Your care plan details the type and frequency of assistance you need.
Your care plan must follow the PCA Assessment and Service Plan DHS-3244 (PDF) you get from the assessor.
Under traditional PCA, you and your qualified professional develop the care plan together. Under PCA Choice, you develop your care plan, with help from your qualified professional if needed. You must use your PCA provider agency’s care plan template. The following information summarizes what PCAs can and cannot do for you. These are called covered and non-covered services.
PCAs can help you with covered services including:
For adults, PCA may also help with instrumental activities of daily living such as:
PCAs can assist children with instrumental activities of daily living (IADL) ONLY under the following conditions:
There are some differences between what PCAs can do for adults and children. Details are available at PCA services for children under age 18.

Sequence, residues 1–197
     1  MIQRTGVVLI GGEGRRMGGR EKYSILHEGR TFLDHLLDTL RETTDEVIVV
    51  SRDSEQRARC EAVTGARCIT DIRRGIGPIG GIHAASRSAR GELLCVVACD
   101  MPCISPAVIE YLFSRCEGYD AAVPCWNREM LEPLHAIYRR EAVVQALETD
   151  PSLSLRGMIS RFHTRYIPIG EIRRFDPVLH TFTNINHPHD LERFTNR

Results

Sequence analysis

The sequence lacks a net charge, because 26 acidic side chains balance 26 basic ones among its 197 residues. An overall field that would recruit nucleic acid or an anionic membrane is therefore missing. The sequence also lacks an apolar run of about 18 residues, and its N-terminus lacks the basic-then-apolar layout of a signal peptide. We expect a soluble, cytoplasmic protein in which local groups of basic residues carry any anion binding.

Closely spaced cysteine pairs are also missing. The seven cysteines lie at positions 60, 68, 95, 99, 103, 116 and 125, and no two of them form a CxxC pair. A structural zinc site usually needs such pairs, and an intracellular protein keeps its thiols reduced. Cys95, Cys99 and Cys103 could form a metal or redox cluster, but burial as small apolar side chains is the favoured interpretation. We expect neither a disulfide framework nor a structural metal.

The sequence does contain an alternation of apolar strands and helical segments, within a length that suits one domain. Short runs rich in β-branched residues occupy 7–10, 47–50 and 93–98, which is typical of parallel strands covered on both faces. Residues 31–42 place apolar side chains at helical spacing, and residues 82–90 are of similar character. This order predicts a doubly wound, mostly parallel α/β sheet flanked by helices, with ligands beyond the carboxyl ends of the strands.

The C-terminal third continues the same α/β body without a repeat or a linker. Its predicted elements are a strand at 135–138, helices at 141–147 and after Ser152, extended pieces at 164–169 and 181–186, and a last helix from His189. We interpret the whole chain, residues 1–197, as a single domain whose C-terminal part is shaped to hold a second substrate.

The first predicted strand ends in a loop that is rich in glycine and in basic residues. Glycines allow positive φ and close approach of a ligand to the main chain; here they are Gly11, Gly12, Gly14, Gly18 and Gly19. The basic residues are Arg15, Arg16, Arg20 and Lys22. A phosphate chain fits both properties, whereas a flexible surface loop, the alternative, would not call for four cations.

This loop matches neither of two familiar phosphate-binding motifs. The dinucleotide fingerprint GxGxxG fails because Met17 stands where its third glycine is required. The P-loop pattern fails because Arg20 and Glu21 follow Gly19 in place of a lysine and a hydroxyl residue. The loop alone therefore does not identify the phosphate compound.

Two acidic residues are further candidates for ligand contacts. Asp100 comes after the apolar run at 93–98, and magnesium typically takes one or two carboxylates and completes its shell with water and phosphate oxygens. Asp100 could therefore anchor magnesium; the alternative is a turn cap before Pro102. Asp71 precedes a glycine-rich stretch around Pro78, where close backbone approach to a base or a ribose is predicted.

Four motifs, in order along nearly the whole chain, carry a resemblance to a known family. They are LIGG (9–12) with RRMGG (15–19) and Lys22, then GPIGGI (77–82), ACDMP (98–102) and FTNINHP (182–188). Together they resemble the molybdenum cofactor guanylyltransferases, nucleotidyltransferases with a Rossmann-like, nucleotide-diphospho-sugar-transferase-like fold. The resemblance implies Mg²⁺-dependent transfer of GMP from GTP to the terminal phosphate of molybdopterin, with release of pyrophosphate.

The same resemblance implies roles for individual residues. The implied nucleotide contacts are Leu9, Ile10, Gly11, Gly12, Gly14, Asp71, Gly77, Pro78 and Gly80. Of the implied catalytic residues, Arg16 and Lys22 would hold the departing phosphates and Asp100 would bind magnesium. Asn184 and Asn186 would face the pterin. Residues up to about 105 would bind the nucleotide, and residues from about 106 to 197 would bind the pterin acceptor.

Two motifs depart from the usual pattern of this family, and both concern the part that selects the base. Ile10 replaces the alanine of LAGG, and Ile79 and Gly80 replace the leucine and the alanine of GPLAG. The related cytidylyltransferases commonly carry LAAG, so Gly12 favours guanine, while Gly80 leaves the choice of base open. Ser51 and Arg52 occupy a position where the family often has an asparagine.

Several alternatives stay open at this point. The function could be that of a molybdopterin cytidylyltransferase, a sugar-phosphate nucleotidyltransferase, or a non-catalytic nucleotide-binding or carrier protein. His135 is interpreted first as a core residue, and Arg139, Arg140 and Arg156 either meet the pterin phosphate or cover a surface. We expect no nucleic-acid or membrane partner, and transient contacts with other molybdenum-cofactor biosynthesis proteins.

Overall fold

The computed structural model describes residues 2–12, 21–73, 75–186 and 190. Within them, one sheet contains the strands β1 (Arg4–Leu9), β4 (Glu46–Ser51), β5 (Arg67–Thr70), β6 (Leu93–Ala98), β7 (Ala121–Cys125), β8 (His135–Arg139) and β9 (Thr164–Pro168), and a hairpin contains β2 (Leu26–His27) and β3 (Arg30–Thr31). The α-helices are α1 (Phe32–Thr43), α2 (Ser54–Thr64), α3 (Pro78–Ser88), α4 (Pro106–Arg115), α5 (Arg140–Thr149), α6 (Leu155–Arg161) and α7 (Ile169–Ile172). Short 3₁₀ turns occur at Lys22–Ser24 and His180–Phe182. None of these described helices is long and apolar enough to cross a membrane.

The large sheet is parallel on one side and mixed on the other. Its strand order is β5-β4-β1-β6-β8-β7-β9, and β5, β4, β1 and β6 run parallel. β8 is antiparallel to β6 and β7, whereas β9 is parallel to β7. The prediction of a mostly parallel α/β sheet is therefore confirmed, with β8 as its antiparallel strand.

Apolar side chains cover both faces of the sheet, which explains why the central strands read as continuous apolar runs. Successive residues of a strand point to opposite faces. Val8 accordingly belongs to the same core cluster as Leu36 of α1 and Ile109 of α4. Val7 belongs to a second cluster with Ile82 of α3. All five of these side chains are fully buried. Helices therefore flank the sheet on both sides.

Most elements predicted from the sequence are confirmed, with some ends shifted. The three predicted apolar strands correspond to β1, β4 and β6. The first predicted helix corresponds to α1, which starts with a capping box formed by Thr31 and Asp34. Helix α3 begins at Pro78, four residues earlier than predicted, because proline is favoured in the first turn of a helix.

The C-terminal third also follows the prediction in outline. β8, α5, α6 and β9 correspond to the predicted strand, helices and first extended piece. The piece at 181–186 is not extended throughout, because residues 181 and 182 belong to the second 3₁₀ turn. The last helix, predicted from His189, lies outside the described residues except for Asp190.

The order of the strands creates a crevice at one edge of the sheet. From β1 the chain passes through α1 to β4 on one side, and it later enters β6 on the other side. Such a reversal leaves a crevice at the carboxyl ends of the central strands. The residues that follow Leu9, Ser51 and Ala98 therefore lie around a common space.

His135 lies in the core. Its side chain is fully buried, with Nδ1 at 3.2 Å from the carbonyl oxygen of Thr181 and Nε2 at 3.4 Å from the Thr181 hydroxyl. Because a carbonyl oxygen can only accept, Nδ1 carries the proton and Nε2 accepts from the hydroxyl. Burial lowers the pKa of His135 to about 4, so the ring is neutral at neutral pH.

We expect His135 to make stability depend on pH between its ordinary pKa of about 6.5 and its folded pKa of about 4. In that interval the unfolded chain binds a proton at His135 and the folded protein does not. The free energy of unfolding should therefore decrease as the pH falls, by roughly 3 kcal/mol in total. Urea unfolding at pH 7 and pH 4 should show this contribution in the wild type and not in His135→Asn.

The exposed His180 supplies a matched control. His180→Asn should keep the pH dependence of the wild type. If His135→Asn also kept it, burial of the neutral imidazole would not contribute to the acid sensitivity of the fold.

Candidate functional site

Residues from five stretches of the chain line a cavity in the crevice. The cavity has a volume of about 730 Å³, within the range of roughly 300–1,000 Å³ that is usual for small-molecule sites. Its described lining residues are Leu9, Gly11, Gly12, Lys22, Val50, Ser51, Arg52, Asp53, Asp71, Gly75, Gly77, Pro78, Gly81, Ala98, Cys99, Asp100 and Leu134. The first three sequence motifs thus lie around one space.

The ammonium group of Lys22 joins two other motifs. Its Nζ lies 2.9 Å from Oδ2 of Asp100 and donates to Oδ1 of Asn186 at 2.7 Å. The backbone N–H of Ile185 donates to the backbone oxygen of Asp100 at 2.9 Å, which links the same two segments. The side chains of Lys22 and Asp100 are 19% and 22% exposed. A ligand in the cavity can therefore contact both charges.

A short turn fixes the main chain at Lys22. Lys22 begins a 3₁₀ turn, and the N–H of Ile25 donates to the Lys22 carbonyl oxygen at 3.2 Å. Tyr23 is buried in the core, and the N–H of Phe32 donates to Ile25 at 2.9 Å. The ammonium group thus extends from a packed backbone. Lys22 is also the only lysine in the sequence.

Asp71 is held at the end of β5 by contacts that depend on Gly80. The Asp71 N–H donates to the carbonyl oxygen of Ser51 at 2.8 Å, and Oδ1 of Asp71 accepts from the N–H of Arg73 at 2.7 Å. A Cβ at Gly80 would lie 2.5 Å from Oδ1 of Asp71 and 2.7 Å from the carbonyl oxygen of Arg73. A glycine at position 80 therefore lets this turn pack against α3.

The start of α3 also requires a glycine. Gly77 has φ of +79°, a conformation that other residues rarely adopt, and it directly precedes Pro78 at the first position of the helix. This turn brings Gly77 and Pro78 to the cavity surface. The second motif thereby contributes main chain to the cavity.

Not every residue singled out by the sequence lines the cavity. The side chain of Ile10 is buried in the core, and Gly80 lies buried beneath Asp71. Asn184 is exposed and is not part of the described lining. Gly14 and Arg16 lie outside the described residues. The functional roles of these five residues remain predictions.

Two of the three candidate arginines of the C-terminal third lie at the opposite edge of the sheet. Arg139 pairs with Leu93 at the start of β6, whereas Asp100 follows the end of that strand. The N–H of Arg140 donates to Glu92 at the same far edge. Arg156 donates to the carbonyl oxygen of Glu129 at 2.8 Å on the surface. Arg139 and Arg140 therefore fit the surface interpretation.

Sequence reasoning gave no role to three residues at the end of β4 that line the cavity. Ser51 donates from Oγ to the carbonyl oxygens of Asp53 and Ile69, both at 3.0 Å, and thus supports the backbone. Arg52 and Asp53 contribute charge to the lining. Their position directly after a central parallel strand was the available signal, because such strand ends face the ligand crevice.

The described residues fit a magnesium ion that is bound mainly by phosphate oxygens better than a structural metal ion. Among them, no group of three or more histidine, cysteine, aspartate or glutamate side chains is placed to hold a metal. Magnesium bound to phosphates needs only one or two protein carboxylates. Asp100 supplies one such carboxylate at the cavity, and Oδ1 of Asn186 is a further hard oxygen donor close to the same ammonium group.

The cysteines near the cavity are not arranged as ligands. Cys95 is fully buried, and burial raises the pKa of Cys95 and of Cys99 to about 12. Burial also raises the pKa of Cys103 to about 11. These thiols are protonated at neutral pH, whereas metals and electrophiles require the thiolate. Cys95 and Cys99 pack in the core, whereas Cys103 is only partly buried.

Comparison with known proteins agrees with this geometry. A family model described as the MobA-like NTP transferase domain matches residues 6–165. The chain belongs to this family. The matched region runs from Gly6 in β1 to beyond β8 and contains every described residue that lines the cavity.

Most PCA services are delivered in your home. You can use your PCA services at work, shopping, medical appointments, worship services, school or any place you would normally go in the community.
The PCA cannot provide services in the PCA’s home, unless the PCA lives with you.
If the location of services includes a fee or other costs, discuss this with your PCA prior to event. PCAs are not required to pay for expenses related to providing services.
PCAs may assist you at work. They may provide any assistance you need in your care plan. You have the following choices for getting personal care assistance at work:
Please check with your employer before hiring a co-worker to be a PCA in the workplace.
Sometimes you may need help with things specific to your job, such as typing or filing. Talk with your employer about the options you have for getting this help. Perhaps someone else at the workplace can help arrange assistance or assist with tasks. These are often considered reasonable accommodations under the Americans with Disabilities Act (ADA).